Posted on June 18th, 2012 at 9:15 by John Sinteur in category: Robber Barons, What were they thinking? -- Write a comment
from each according to his volatility, to each according to his greed
To be fair, one should add that the german Sparkassen system hasn’t much to do with ruthless investment banks. They are decentralized savings banks, often in ownership of the state, the local town or similiar. As of german law, their primary goal is not to make profits, but to provide monetary services like savings or deposit accounts the citizens, to give loans to local businesses etc. Profits go mainly into safety reserve funds or are donated to local charities. Another comparable banking system are credit unions. It would be absurd to compare a Sparkasse to the greedy sharks like Deutsche Bank or Goldman Sachs.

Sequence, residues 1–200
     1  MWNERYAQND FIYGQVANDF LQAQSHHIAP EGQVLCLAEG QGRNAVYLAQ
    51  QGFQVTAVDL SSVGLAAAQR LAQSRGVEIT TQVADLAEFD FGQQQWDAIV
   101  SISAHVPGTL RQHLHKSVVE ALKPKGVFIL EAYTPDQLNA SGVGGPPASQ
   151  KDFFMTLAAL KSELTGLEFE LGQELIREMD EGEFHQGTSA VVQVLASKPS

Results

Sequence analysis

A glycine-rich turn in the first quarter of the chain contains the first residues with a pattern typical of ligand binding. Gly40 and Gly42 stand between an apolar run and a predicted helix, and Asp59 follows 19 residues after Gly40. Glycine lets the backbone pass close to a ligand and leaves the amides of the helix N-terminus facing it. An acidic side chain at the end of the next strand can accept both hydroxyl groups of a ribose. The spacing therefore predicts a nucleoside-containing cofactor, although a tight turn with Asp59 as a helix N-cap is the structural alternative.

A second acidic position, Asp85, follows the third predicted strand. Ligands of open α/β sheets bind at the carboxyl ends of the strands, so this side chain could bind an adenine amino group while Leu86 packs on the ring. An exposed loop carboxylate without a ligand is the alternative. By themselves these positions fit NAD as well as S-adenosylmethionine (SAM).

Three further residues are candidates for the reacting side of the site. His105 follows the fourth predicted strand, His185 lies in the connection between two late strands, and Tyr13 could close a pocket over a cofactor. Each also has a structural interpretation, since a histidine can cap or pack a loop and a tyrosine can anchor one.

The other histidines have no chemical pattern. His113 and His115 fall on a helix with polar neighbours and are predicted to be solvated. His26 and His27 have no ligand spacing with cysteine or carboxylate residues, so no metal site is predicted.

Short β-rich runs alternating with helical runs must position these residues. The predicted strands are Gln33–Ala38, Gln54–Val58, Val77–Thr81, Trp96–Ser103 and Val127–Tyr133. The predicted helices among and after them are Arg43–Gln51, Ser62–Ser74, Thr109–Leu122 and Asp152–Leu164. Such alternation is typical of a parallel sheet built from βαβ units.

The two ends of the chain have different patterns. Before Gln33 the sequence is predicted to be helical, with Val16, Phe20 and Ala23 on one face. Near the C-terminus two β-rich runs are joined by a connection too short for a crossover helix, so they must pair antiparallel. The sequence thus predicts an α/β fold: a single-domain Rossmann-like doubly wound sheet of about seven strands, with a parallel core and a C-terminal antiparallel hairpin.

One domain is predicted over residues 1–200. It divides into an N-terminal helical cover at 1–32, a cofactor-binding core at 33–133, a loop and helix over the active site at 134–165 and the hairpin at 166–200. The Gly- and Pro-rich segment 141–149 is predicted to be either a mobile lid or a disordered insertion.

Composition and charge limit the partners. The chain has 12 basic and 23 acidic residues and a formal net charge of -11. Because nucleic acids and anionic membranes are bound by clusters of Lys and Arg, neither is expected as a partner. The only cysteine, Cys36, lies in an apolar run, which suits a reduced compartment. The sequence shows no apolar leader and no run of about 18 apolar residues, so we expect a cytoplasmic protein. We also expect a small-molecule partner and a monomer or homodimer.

Interestingly, the USA also had a savings-and-loans banking system, which worked quite well while they were tightly regulated. At the start of the 80s, these banks were heavily deregulated. Consequently, only some years later, the devastating savings-and-loans-crisis occurred, which was ghastly similiar to the great financial crisis of 2007, also had its cause in highly risky real estate deals to pursue profits, countless banks needed heavy bailouts, and the crisis was among the reasons for the huge deficits the USA had end of the 80s.
@Steffen: In retrospect this shows how much the US & UK governments were under the influence of the financial sector – did no legislator ask, “What could possibly go wrong?” during the deregulation process?
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